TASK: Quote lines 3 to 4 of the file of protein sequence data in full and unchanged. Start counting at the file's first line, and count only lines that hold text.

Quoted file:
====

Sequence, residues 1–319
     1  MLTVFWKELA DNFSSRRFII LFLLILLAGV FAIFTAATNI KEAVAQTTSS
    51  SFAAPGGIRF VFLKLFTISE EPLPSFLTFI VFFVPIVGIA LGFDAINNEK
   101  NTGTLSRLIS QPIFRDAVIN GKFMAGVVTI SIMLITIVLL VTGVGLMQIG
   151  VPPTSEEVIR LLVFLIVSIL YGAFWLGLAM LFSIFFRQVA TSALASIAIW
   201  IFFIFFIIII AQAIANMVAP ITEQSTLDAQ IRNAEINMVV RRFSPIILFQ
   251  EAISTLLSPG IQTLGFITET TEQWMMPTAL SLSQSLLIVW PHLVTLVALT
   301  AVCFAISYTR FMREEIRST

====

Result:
    51  SFAAPGGIRF VFLKLFTISE EPLPSFLTFI VFFVPIVGIA LGFDAINNEK
   101  NTGTLSRLIS QPIFRDAVIN GKFMAGVVTI SIMLITIVLL VTGVGLMQIG